2019 Ford Taurus vs. 2019 Honda Accord

Detailed Review, Specifications & Comparison

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Safety

The Taurus offers all-wheel drive to maximize traction under poor conditions, especially in ice and snow. The Accord doesn’t offer all-wheel drive.

Both the Taurus and the Accord have standard driver and passenger frontal airbags, front side-impact airbags, side-impact head airbags, front seatbelt pretensioners, front-wheel drive, height-adjustable front shoulder belts, plastic fuel tanks, four-wheel antilock brakes, traction control, electronic stability systems to prevent skidding, rearview cameras, available collision warning systems, lane departure warning systems, blind spot warning systems, front and rear parking sensors, rear cross-path warning and driver alert monitors.

The Ford Taurus weighs 489 to 1196 pounds more than the Honda Accord. The NHTSA advises that heavier cars are much safer in collisions than their significantly lighter counterparts.

The National Highway Traffic Safety Administration does 35 MPH front crash tests on new vehicles. In this test, results indicate that the Ford Taurus is safer than the Honda Accord:

 

Taurus

Accord

 

Driver

STARS

5 Stars

5 Stars

HIC

182

261

Neck Compression

13 lbs.

74 lbs.

Leg Forces (l/r)

68/69 lbs.

231/338 lbs.

 

Passenger

STARS

5 Stars

5 Stars

HIC

218

266

Neck Injury Risk

32%

34%

Neck Compression

24 lbs.

54 lbs.

Leg Forces (l/r)

316/229 lbs.

378/216 lbs.

New test not comparable to pre-2011 test results. More stars = Better. Lower test results = Better.

The National Highway Traffic Safety Administration does side impact tests on new vehicles. In this test, which crashes the vehicle into a flat barrier at 38.5 MPH and into a post at 20 MPH, results indicate that the Ford Taurus is safer than the Honda Accord:

 

Taurus

Accord

 

Front Seat

STARS

5 Stars

5 Stars

HIC

103

140

Hip Force

337 lbs.

431 lbs.

 

Rear Seat

STARS

5 Stars

5 Stars

HIC

284

386

Spine Acceleration

30 G’s

62 G’s

 

Into Pole

STARS

5 Stars

5 Stars

Hip Force

743 lbs.

756 lbs.

New test not comparable to pre-2011 test results. More stars = Better. Lower test results = Better.

Warranty

There are almost 3 times as many Ford dealers as there are Honda dealers, which makes it much easier should you ever need service under the Taurus’ warranty.

Reliability

The Taurus has a standard “limp home system” to keep drivers from being stranded if most or all of the engine’s coolant is lost. The engine will run on only half of its cylinders at a time, reduce its power and light a warning lamp on the dashboard so the driver can get to a service station for repairs. The Accord doesn’t offer a lost coolant limp home mode, so a coolant leak could strand you or seriously damage the car’s engine.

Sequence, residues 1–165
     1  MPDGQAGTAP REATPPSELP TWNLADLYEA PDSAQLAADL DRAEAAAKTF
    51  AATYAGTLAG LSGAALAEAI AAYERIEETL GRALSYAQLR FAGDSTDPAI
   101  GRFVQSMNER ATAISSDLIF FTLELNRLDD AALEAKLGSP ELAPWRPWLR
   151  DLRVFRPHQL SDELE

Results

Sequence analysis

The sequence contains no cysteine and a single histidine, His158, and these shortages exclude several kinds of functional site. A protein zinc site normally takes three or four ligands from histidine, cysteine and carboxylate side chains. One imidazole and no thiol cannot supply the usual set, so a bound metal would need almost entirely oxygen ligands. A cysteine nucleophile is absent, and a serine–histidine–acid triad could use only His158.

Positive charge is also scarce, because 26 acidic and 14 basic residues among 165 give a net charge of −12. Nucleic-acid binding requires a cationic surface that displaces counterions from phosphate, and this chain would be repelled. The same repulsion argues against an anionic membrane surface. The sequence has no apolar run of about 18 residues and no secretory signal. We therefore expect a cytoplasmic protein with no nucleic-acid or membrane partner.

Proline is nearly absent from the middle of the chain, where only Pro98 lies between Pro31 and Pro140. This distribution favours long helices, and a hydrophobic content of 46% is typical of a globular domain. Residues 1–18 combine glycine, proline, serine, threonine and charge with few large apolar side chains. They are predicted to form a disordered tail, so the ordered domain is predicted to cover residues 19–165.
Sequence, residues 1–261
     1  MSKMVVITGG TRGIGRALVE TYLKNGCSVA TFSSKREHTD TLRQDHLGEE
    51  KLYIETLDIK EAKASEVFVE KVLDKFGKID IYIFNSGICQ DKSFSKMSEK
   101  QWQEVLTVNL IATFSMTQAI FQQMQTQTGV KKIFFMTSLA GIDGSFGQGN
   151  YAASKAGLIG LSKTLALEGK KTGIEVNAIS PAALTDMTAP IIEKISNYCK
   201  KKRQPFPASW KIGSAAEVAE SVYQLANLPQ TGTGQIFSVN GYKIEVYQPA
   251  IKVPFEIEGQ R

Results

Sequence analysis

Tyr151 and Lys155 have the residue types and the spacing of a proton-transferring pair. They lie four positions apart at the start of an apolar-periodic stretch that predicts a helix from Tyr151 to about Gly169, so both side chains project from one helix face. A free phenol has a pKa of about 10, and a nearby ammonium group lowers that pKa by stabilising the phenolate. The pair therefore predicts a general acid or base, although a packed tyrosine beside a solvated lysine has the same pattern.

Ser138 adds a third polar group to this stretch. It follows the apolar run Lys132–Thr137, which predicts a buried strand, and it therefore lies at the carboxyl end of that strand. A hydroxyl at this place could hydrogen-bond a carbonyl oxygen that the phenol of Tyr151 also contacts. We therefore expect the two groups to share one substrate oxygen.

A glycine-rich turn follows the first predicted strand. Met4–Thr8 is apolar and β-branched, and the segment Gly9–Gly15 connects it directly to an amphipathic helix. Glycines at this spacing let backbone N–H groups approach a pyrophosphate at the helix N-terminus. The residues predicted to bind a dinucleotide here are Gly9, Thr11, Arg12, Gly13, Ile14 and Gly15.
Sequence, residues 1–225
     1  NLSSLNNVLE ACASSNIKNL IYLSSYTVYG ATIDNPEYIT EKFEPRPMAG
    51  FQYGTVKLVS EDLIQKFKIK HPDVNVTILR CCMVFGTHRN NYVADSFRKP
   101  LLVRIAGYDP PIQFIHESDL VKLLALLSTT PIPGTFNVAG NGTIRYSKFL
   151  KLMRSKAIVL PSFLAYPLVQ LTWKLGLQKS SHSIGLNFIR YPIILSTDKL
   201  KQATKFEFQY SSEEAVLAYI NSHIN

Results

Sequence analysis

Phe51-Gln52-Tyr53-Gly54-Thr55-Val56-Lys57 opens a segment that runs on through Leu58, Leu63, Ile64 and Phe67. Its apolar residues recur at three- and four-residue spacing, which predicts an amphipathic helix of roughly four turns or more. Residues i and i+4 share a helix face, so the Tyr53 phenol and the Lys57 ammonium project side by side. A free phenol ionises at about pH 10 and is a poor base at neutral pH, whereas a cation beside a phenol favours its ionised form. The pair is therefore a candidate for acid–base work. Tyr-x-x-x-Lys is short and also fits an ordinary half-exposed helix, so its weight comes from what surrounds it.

A reliable vehicle saves its owner time, money and trouble. Nobody wants to be stranded or have to be without a vehicle while it’s being repaired. Consumer Reports rates the Ford Taurus’ reliability 37 points higher than the Accord.

J.D. Power and Associates rated the Taurus second among large cars in their 2018 Initial Quality Study. The Accord isn’t in the top three in its category.

J.D. Power and Associates’ 2018 Initial Quality Study of new car owners surveyed provide the statistics that show that Ford vehicles are better in initial quality than Honda vehicles. J.D. Power ranks Ford fifth in initial quality, above the industry average. With 21 more problems per 100 vehicles, Honda is ranked 23rd, below the industry average.

Engine

The Taurus’ standard 3.5 DOHC V6 produces 96 more horsepower (288 vs. 192) and 62 lbs.-ft. more torque (254 vs. 192) than the Accord’s standard 1.5 turbo 4 cyl. The Taurus’ 3.5 DOHC V6 produces 36 more horsepower (288 vs. 252) than the Accord’s optional 2.0 turbo 4 cyl. The Taurus SHO’s standard 3.5 turbo V6 produces 113 more horsepower (365 vs. 252) and 77 lbs.-ft. more torque (350 vs. 273) than the Accord’s optional 2.0 turbo 4 cyl.

As tested in Motor Trend the Ford Taurus V6 is faster than the Honda Accord 1.5 turbo 4 cyl. (automatics tested):

 

Taurus

Accord

Zero to 30 MPH

2.5 sec

2.8 sec

Zero to 60 MPH

6.6 sec

7.6 sec

Zero to 80 MPH

11.1 sec

12.8 sec

Passing 45 to 65 MPH

3.4 sec

4 sec

Quarter Mile

15.1 sec

15.9 sec

Speed in 1/4 Mile

95 MPH

89.3 MPH

Fuel Economy and Range

The Taurus has 4.2 gallons more fuel capacity than the Accord (19 vs. 14.8 gallons), for longer range between fill-ups.

Brakes and Stopping

For better stopping power the Taurus’ brake rotors are larger than those on the Accord:

 

Taurus

Accord

Accord 2.0T/Sport/Touring

Front Rotors

13.86 inches

11.5 inches

12.3 inches

Rear Rotors

13.58 inches

11.1 inches

11.1 inches

The Taurus SHO’s standard front and rear disc brakes are vented to help dissipate heat for shorter stops with less fading. The rear discs on the Accord are solid, not vented.

The Taurus stops shorter than the Accord:

 

Taurus

Accord

 

70 to 0 MPH

168 feet